Live: A more intimate mastery with Gabriel Kahane at Cat's Cradle | Music

Live: A more intimate mastery with Gabriel Kahane at Cat's Cradle

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PHOTO BY JOSH GOLDMAN
  • Photo by Josh Goldman
Gabriel Kahane with the North Carolina Symphony String Quartet and Jennifer Curtis
Cat's Cradle, Carrboro
Monday, March 23, 2015


I missed Gabriel Kahane's last performance in Chapel Hill. He was premiering the staged version of his new album, The Ambassador, at Memorial Hall with a nine-piece ensemble, intricate scenery and lavish theatricality. But I couldn't make it, which means I had few points of comparison for his recent show at the Cat’s Cradle, aside from the album itself. This time, he was playing with a more stripped-down band—just him on guitar and piano, the North Carolina Symphony String Quartet (violinists Karen Strittmatter Galvin and Elizabeth Phelps, violist Samuel Gold and cellist Nathaniel Yaffe), and Jennifer Curtis on violin and mandolin—with just the Cat’s Cradle stage as his backdrop.

As Kahane told me during an interview on WXDU, he was looking forward to this lineup because it wouldn’t force the audience to have to choose between competing stimuli. It would allow his words to take the foreground but still provide some of the intricate counterpoint of the record. While I did miss some of the rhythmic complexity that undergirds so much of The Ambassador, it was great to hear those songs condensed to their essences. In some cases, such as “Veda (1 Pierce Dr.),” it was a lush ballad totally undermined by the creepy relationship it describes. “Bradbury (304 Broadway)” still felt like a pop song, with Kahane’s falsetto ringing out like Jeff Buckley, but the twisting string lines came to the fore, reminding me of Van Dyke Parks’ orchestrations on Joanna Newsom’s Ys. Only the title track hewed close to its album character. It's a folk song that uses the closing of the Ambassador Hotel as a synecdoche for the decline of Hollywood glitz.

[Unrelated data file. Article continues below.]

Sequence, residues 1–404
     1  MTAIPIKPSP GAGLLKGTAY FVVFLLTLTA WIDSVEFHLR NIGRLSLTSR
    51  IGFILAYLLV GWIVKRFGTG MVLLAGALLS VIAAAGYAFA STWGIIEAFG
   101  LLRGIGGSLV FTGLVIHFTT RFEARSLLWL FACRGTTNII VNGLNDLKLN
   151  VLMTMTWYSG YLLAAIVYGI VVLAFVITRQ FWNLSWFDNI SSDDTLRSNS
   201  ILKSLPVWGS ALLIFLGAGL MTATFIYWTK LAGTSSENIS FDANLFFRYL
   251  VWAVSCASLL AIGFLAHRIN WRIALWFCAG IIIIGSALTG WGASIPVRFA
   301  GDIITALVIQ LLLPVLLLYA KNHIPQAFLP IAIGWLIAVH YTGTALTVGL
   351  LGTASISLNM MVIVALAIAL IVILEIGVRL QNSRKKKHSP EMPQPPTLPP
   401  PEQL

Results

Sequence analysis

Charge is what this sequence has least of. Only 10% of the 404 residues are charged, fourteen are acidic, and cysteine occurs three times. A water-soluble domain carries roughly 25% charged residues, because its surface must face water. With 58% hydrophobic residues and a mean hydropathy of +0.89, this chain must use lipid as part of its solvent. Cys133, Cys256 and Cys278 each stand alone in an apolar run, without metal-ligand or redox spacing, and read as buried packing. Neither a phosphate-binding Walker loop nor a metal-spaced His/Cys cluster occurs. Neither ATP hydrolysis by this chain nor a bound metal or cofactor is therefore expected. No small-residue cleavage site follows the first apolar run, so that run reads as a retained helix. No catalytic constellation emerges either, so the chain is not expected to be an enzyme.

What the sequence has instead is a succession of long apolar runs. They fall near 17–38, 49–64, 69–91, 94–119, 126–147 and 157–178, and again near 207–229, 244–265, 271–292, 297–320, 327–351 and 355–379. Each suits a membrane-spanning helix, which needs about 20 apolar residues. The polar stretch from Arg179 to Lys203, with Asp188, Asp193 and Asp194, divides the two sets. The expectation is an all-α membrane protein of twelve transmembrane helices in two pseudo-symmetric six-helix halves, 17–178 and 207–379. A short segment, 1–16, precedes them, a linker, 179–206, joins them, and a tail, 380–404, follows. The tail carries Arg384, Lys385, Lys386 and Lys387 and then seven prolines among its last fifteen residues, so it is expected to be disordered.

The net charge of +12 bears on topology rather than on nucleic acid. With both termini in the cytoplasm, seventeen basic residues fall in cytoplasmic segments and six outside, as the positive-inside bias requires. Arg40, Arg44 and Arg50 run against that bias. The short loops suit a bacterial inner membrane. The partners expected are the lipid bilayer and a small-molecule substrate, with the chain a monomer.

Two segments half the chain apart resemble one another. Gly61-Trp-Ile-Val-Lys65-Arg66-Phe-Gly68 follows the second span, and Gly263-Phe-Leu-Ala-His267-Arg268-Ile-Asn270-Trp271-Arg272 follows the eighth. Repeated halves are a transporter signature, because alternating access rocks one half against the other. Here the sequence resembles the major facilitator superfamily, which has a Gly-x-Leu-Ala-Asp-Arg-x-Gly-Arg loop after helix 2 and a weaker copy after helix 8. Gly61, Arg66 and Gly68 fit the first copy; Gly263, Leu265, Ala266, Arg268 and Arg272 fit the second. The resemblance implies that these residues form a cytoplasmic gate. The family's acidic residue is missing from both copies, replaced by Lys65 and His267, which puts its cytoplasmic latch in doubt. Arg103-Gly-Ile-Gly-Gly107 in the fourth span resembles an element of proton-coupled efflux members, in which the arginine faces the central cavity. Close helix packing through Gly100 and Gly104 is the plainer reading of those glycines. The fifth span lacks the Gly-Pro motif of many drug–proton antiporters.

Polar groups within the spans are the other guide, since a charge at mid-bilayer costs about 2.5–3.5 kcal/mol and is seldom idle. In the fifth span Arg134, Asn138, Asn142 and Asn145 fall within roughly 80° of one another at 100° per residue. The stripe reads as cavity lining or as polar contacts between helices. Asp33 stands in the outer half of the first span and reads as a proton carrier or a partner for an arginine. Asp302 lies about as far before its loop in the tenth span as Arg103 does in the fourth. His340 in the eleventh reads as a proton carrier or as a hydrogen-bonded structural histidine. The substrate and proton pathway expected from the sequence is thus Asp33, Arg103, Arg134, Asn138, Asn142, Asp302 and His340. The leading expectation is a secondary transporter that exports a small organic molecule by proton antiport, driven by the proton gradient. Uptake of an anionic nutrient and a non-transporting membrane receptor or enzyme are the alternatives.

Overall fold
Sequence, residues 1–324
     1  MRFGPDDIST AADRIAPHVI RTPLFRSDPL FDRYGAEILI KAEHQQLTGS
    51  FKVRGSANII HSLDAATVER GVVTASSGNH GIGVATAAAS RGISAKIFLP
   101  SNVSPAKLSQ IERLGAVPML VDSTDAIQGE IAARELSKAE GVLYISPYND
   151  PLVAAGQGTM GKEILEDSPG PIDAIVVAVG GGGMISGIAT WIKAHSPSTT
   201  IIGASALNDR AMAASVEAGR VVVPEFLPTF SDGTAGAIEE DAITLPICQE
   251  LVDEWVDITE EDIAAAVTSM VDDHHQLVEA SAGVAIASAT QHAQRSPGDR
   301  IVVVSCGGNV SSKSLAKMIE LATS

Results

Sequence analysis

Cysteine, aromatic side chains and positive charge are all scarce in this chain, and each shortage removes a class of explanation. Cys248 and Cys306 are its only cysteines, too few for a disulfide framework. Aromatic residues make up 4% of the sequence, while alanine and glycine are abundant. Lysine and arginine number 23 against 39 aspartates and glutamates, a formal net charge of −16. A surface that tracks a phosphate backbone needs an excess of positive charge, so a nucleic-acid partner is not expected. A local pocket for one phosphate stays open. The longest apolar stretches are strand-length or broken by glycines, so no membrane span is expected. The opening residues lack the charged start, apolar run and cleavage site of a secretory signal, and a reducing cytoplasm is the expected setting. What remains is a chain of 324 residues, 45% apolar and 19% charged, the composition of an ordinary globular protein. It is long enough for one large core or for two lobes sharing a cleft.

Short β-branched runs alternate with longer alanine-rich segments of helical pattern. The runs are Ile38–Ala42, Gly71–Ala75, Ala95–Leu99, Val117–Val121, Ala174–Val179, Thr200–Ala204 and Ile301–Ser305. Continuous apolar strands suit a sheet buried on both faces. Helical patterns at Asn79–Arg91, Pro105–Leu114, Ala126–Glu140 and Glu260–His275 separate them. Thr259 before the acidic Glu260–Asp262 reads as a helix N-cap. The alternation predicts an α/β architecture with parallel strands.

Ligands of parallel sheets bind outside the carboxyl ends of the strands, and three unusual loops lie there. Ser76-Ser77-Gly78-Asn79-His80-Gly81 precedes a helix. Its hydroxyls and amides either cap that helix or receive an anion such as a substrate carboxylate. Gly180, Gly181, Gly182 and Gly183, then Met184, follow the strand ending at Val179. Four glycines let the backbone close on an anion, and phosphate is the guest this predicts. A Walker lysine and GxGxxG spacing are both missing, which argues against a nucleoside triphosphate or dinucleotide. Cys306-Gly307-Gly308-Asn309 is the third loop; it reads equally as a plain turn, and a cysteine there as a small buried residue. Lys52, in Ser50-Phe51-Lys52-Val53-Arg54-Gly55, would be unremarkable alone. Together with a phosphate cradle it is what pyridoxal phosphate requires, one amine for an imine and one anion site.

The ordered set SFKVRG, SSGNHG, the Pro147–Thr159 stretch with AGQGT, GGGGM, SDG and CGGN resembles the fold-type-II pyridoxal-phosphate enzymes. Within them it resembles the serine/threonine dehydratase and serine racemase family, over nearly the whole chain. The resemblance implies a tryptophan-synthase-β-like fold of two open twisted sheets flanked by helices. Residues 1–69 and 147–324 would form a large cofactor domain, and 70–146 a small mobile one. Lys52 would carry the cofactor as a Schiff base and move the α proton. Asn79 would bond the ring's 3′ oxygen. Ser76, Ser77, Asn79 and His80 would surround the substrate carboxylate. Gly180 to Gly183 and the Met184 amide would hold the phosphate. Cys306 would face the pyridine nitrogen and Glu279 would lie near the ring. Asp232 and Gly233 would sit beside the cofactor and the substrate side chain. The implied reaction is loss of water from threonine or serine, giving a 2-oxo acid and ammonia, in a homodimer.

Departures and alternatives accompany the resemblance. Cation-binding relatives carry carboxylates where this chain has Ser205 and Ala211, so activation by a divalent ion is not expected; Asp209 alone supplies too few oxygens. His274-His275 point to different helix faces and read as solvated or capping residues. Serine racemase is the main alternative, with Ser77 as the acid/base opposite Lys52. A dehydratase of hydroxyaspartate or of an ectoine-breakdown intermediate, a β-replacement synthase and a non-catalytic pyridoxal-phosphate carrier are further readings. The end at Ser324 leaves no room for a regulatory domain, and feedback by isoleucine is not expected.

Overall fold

With the words foregrounded, it became easy to see all the care that Kahane puts into the stories he is telling and retelling and how the lyrics of a chorus shift over the course of a song in response to the actions of the verses. I also realized how so many of these songs are shot through with darkness, nostalgia and regret, all of which came to a head in the epic “Empire Liquor Mart (9127 S. Figueroa St.).” On it, Kahane switched multiple times between piano and guitar while relaying the story of Latarsha Harlins, a 15-year-old killed shortly after the beating of Rodney King. He used the strings to convey tension and loss.

But this wasn’t all darkness. Kahane played a few hilarious bits of absurdist musical theater from his 2007 album Craigslistlieder. He described The Ambassador's  “Villains (4616 Dundee Dr.)" as “an exegesis of modern architecture and movie villains to a cheesy beat” and got the audience involved in a “post-apocalyptic singalong” for “Griffith Park (2800 E. Observatory Ave.).” Other highlights included a glistening song by Andrew Norman, which set Kafka to a series of gently falling arpeggios, a bittersweet Kern and Hammerstein song, and the delicate, unamplified singalong of Elizabeth Cotten’s “Freight Train” that closed the set.

I couldn’t help but marvel at Kahane’s harmonic sensibilities. While his melodies are all simple and hummable, the harmonies behind him are constantly twisting and turning, actively resisting being boxed into “normal” progressions. It makes his songs sound fresh and unpredictable. And his use of Curtis and the string quartet always fit with the context of each song. Curtis, Galvin, Phelps, Gold and Yaffe all sounded fantastic, playing to their normal high standards.

This concert was the result of a rare collaboration between the North Carolina Symphony, Carolina Performing Arts and Jennifer Curtis’ Overtone Series. This also felt more focused that past Overtone Series events, in part, I think, because there was a single artist around whom the evening centered.

Kahane will be back in the fall to perform Gabriel’s Guide to the 48 States with the full North Carolina Symphony. Don't miss it.


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